In the last few years, line has made the biggest impact on fishing sticks. The die-hard masters of stickbaits at first would not throw their baits on a fluorocarbon line choice. I can clearly remember some saying that a fluorocarbon line choice would make their stickbaits sink. That was why the stickmaster himself, Mike McClelland, did not endorse a fluorocarbon line choice at first. After getting used to this new line, Mike made the choice and is now fishing most of his McSticks on Sunline SniperFC, and will have a backup of Sunline Super Natural Mono when and if he thinks it is needed. 

One more note to make here: Early in the spring season, I will many times use my crankbait reels to start as the water is cold, and I do not want to fish my stickbaits on a fast-retrieve reel. I want to keep my line pickup speed on the slower side, instead of the faster side, in the early part of the season.


How to fish sticks early in the season

When it comes to fishing a stickbait in the early season, you have to get a tell-tale of how the bass want the bait fished. A lot of this will depend on time of the early season. Is it one of the very few first times that the bass are starting to come shallow? Are you on the second or third day of a warming trend? These are things that you will need to figure out as to the bass’ mood, as that will change when it comes to biting a stickbait. The best advice that I can give you is to start slow and pick up from there as you move forward.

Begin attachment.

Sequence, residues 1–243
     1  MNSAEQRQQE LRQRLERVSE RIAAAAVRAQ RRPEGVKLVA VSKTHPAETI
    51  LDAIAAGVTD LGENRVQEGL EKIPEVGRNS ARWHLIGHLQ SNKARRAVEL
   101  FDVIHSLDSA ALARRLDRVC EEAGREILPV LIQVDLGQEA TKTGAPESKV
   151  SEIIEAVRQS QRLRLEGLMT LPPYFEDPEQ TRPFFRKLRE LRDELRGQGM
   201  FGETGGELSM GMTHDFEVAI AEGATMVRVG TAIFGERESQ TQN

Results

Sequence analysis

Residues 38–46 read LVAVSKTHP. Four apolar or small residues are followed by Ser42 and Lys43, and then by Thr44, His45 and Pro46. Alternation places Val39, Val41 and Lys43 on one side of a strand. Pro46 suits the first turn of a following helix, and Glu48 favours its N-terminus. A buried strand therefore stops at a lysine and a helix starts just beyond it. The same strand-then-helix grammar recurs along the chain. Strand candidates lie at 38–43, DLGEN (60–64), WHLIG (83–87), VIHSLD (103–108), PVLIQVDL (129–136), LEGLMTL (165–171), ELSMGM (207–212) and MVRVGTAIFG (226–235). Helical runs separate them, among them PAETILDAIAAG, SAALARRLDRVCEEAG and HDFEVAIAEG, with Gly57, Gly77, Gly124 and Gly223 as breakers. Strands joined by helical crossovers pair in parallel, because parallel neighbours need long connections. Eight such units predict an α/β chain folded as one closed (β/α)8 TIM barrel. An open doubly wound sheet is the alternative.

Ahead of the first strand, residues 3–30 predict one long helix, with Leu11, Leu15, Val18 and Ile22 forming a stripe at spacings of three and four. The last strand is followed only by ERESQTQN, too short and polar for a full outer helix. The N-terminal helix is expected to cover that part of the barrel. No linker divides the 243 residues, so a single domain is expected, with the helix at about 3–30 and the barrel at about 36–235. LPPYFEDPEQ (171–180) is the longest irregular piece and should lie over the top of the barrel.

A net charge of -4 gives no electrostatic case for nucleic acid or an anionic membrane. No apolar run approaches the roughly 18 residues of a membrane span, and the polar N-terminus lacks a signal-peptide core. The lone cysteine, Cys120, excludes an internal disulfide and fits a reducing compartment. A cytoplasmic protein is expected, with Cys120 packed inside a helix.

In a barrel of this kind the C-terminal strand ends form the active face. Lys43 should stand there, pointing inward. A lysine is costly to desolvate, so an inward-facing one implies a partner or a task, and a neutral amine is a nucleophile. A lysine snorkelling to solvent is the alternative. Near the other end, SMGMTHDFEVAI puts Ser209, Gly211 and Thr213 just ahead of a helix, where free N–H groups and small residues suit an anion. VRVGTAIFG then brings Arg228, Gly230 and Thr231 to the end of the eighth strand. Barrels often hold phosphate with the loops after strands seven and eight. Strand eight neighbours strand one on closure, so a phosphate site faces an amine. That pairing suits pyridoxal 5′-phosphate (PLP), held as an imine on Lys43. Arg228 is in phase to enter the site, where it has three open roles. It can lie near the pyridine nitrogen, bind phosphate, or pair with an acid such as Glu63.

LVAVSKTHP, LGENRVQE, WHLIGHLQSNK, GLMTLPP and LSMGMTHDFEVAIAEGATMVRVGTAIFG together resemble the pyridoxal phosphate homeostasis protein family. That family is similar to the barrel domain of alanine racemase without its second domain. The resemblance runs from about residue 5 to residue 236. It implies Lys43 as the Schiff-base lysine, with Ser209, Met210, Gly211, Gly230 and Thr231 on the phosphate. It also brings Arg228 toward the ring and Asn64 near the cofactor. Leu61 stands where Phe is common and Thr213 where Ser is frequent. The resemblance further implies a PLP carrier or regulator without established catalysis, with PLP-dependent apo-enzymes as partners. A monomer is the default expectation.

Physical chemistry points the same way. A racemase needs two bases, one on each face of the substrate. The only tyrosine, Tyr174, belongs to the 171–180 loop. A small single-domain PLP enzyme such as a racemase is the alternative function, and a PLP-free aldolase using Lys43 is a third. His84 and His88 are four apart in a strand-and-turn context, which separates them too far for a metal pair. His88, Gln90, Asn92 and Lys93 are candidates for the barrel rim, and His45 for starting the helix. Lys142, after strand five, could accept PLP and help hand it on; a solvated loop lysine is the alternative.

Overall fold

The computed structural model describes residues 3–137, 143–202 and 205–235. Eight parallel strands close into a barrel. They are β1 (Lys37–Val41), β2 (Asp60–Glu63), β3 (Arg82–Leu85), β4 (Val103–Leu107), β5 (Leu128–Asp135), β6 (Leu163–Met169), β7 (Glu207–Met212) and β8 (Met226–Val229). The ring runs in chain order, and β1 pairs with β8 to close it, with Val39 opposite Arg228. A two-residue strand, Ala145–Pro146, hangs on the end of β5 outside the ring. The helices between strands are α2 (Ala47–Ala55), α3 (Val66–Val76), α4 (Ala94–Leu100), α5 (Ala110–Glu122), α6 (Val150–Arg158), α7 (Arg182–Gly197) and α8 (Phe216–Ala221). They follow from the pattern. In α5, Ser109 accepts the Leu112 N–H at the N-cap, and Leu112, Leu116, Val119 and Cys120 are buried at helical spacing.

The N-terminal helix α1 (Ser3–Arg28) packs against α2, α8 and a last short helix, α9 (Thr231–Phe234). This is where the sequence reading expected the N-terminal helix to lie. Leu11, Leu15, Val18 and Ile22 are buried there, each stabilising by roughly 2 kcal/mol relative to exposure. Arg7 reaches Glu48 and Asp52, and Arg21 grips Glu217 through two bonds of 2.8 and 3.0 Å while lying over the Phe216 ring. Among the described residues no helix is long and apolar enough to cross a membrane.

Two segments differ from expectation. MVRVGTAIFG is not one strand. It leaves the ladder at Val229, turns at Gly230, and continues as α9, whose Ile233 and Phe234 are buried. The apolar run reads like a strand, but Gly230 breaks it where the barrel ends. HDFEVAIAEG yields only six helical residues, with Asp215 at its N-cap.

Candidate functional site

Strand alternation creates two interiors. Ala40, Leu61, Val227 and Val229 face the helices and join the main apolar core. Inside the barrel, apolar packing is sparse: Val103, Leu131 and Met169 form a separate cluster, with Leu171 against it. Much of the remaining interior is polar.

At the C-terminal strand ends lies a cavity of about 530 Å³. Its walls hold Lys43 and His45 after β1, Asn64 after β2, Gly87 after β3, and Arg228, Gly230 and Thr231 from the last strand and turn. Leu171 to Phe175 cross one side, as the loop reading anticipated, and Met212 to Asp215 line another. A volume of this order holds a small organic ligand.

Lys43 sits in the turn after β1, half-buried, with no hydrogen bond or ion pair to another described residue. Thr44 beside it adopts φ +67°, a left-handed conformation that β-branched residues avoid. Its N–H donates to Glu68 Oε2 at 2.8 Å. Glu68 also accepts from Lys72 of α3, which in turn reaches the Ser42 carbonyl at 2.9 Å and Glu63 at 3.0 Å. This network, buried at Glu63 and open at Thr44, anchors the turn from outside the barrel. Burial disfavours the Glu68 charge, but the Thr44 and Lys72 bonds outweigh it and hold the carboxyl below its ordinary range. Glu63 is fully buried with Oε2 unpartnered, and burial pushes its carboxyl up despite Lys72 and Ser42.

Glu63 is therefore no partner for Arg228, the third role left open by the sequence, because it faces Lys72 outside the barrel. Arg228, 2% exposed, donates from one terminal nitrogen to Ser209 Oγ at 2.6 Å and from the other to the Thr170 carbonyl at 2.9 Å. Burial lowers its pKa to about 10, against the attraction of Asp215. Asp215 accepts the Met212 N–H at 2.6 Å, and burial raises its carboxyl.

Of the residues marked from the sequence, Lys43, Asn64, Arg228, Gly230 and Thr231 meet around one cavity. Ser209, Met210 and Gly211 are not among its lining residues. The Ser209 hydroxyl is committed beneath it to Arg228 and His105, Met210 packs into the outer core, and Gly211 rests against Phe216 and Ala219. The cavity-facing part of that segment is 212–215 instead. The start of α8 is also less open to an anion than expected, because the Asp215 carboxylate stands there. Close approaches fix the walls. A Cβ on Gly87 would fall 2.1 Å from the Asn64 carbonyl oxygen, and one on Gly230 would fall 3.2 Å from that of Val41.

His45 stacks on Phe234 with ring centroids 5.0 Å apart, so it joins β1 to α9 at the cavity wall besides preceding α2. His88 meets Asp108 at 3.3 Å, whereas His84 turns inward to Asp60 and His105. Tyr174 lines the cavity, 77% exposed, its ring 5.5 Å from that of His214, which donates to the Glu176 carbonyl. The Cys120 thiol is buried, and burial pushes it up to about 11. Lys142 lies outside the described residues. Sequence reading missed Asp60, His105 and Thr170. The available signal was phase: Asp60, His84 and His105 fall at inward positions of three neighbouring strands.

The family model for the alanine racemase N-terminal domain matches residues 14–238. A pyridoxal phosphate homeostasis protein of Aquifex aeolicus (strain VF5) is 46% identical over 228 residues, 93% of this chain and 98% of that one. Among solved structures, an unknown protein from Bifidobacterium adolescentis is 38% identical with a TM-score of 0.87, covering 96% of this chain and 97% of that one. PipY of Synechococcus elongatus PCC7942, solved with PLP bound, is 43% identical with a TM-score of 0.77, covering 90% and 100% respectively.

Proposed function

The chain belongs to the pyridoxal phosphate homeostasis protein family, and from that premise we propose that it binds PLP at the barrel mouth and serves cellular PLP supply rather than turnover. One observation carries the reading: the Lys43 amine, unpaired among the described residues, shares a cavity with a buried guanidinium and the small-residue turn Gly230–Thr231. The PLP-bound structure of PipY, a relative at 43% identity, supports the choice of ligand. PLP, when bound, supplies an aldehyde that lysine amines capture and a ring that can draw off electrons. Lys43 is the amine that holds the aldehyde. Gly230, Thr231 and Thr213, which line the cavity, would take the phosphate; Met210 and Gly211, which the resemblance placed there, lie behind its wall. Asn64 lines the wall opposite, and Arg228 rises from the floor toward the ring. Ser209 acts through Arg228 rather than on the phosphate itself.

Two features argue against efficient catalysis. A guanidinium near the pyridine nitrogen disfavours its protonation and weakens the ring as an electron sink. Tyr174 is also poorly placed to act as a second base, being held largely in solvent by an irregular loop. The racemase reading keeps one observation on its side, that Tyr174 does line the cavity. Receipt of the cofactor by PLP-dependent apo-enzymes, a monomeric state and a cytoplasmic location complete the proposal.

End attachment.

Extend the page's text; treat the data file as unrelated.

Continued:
What I am trying to say here is, at first, give your sticks a few pulls and a few twitches, but pay close attention as to when the bites are coming. Are they coming at the end of your pulls, or at the end of twitches? This will help you key in on what the bass want that day. This could change from day to day or even hour to hour as the day goes on. Pay special attention as to how the bass react to the bait and how they bite your bait. You will put more fish in your boat by paying attention to your bites. 

I hope this helps you get a start on your early bass season this year. Stickbaits are great choices when looking for early-season bass, especially when they are making some of their first moves towards the shallows. Fish slowly, but also pay attention as to how you are fishing your stickbaits when you are triggering bites. This will help you put more bass in the boat. Make adjustments when needed.


To learn more about fishing jerkbaits check out our video from Mille Lacs here.